Their complete results are available as a 30-page report (available in print or on Kindle).

#3 The Guardian is, in my opinion, a little more rooted in realistic expectations:

“The data scientist’s skills – advanced analytics, data integration, software development, creativity, good communications skills and business acumen – often already exist in an organisation. Just not in a single person… likely to be spread over different roles, such as statisticians, bio-chemists, programmers, computer scientists and business analysts. And they’re easier to find and hire than data scientists.”

They cite British Airways as an exemplar:

“[British Airways] believes that data scientists are more effective and bring more value to the business when they work within teams. Innovation has usually been found to occur within team environments where there are multiple skills, rather than because someone working in isolation has a brilliant idea, as often portrayed in TV dramas.”

Their position is you can’t get all those skills in one person, so don’t look for it. Just yesterday I realized that if I learn one new amazing thing in R every single day of my life, by the time I die, I will probably be an expert in about 2% of the package (assuming it’s still around).

#4 Others have chimed in on this question and provided outlines of skill sets, such as:

  • Six Qualities of a Great Data Scientist: statistical thinking, technical acumen, multi-modal communication skills, curiosity, creativity, grit
  • The Udacity blog: basic tools (R, Python), software engineering, statistics, machine learning, multivariate calculus, linear algebra, data munging, data visualization and communication, and the ultimately nebulous “thinking like a data scientist”
  • IBM: “part analyst, part artist” skilled in “computer science and applications, modeling, statistics, analytics and math… [and] strong business acumen, coupled with the ability to communicate findings to both business and IT leaders in a way that can influence how an organization approaches a business challenge.”
  • SAS: “a new breed of analytical data expert who have the technical skills to solve complex problems – and the curiosity to explore what problems need to be solved. They’re part mathematician, part computer scientist and part trend-spotter.” (Doesn’t that sound exciting?)
  • DataJobs.Com: well, these guys just took Drew Conway’s Venn diagram and relabeled it.

#5 My Answer to “What is a Data Scientist?”:  A data scientist is a sociotechnical boundary spanner who helps convert data and information into actionable knowledge.

Based on all of the perspectives above, I’d like to add that the data scientist must have an awareness of the context of the problems being solved: social, cultural, economic, political, and technological. Who are the stakeholders? What’s important to them? How are they likely to respond to the actions we take in response to the new knowledge data science brings our way? What’s best for everyone involved so that we can achieve sustainability and the effective use of our resources? And what’s with the word “helps” in the definition above? This is intended to reflect that in my opinion, a single person can’t address the needs of a complex data science challenge. We need each other to be “great” at it.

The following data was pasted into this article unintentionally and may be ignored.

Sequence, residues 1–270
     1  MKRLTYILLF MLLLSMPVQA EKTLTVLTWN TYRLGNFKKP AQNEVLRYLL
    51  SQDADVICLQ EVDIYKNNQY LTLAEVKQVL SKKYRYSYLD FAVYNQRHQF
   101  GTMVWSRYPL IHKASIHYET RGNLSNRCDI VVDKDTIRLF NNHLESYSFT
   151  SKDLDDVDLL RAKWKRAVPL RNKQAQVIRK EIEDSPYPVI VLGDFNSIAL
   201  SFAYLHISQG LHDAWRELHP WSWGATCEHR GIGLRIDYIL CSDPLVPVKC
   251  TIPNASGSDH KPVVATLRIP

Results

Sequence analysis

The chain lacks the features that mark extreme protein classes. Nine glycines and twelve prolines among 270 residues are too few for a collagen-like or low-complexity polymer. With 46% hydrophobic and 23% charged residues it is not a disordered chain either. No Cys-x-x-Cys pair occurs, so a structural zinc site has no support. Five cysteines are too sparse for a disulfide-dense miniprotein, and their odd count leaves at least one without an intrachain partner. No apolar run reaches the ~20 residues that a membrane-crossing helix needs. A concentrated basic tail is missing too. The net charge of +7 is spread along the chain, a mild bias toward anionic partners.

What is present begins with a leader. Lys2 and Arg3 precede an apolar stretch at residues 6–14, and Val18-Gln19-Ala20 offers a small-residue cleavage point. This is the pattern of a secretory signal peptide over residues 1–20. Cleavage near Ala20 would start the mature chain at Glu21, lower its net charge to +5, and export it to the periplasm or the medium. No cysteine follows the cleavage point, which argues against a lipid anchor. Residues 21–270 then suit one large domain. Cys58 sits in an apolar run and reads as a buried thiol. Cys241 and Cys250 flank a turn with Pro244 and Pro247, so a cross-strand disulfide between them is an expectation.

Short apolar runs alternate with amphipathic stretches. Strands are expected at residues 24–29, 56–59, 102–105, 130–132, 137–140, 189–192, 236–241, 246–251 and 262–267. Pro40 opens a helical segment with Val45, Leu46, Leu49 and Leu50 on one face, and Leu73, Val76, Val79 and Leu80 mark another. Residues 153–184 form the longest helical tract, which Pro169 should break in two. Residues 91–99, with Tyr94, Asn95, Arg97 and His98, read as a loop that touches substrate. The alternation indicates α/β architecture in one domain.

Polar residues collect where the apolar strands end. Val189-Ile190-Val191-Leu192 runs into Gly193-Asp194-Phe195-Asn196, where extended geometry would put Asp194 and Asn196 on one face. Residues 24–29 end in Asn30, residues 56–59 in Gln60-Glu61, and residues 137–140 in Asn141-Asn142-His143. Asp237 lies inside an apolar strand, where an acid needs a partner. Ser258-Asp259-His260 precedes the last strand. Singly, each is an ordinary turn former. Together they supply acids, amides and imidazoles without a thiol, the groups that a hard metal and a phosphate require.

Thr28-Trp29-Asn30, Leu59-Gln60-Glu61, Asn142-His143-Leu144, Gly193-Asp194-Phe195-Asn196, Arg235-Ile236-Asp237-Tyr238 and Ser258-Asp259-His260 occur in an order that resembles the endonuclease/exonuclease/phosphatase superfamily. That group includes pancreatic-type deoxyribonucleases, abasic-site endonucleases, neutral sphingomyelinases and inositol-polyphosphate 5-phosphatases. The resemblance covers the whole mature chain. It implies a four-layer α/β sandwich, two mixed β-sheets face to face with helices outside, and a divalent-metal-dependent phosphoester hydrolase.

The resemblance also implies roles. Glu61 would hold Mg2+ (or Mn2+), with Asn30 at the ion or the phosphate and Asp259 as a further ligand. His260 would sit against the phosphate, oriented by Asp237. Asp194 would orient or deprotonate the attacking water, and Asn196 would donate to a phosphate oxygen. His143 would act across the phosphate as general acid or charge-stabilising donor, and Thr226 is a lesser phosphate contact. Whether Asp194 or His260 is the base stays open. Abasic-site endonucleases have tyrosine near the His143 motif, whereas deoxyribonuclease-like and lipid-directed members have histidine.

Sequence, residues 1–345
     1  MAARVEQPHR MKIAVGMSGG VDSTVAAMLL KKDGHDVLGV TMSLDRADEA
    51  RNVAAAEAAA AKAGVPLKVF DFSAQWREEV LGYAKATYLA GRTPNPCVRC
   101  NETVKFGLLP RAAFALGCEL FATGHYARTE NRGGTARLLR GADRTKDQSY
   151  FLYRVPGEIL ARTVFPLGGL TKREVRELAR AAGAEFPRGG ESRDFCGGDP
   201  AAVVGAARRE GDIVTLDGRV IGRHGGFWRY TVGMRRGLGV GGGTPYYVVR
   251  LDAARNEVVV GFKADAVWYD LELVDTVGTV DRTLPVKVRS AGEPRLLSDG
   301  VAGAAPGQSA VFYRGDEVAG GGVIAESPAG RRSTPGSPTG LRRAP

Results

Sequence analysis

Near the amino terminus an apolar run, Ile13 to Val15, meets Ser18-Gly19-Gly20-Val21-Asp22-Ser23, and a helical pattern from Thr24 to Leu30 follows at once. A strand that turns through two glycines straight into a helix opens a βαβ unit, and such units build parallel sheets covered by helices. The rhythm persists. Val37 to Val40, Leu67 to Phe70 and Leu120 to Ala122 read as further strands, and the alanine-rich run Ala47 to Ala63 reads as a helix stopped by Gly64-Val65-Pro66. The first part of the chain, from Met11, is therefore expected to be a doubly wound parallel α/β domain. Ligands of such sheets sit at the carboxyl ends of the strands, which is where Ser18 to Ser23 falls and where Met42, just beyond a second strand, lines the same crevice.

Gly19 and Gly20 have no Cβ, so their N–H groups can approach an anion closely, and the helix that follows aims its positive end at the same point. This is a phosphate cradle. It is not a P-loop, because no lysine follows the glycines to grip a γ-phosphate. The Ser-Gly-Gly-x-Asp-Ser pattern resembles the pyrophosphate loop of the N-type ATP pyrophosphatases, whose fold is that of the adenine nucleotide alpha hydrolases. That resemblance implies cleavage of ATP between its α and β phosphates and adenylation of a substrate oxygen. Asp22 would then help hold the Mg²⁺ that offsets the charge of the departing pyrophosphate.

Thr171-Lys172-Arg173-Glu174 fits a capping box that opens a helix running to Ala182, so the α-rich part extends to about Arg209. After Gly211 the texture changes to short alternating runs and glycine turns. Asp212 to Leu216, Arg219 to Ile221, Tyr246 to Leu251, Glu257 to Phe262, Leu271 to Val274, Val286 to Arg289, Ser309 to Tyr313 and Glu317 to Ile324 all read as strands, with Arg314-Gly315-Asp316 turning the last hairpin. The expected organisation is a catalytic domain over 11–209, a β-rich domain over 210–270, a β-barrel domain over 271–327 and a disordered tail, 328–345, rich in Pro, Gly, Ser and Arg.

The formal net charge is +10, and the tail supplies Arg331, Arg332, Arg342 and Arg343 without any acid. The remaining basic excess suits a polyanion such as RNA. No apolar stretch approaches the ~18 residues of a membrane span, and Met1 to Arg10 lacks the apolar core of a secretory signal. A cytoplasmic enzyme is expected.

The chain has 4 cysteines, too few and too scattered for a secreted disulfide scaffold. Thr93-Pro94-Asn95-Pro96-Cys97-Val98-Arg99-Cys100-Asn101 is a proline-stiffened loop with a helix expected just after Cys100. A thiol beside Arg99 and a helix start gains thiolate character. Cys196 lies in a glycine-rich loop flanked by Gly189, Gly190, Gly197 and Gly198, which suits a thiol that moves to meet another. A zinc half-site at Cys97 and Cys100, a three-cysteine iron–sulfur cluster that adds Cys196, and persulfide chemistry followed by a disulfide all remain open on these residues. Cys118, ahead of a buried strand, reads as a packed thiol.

A data scientist is someone who can effectively span the boundaries between

1) understanding social+ context, 

2) correctly selecting and applying techniques from math and statistics,

3) leveraging hacking skills wherever necessary,

4) applying domain knowledge, and

5) creating compelling and actionable stories and connections that help decision-makers achieve their goals. This person has a depth of knowledge and technical expertise in at least one of these five areas, and a high level of familiarity with each of the other areas (commensurate with Harris’ T-model). They are able to work productively within a small team whose deep skills span all five areas.

It’s data-driven decision making embedded in a rich social, cultural, economic, political, and technological context… where the challenges may be complex, and the stakes (and ultimately, the benefits) may be high. 


(*) Disclosure: I am a Data Creative!

(**)Quality professionals (like Six Sigma Black Belts) have been doing this for decades. How can we enhance, expand, and leverage our skills to address the growing need for data scientists?

ASQ Asks: What Can We Do to Encourage STEM? I Say: STEAM

zome-2In his March 2015 post, ASQ CEO Paul Borawski asks “What can we do to encourage the next generation of STEM (Science, Technology, Engineering, and Math) professionals?” My answer will be short today because I’ve been actively working on that for the past several months with a senior capstone project team (Cassidy Moellers, Dylan Chance, and Robert Spinoza) at James Madison University – we’re getting ready to finalize the project in the next couple of weeks, and submit an academic paper to the STEAM Journal about how you can use art to catalyze interest and engagement in STEM. [Postscript: Check out our published paper in the STEAM Journal — Radziwill, N. M., Benton, M. C., & Moellers, C. (2015). From STEM to STEAM: Reframing what it means to learn. The STEAM Journal2(1), 3.]

So much innovation in STEM is fueled by imagination and exploration, and in my opinion, we don’t communicate that very well to younger people. A great gateway drug for this purpose is art. There’s even a movement underway to expand out vision of STEM, and more tightly and more essentially integrate aesthetics, form, design, and fun into what we do via STEAM (Science, Technology, Engineering, Art, and Math).

STEAM doesn’t advocate just doing the arts alongside more traditional science and engineering. It actually requires that we look towards how we can use STEAM to create meaning for ourselves and our communities. In other words, it can help us get our mind off of science and engineering to understand and control the world around us – and focus more on how beautiful and intriguing things are that we can learn in those domains.

The picture above is the interactive zonohedral dome (or “zome”) that our students created specifically to engage others in the fun of integrated science and engineering. Here’s how they summarize their project: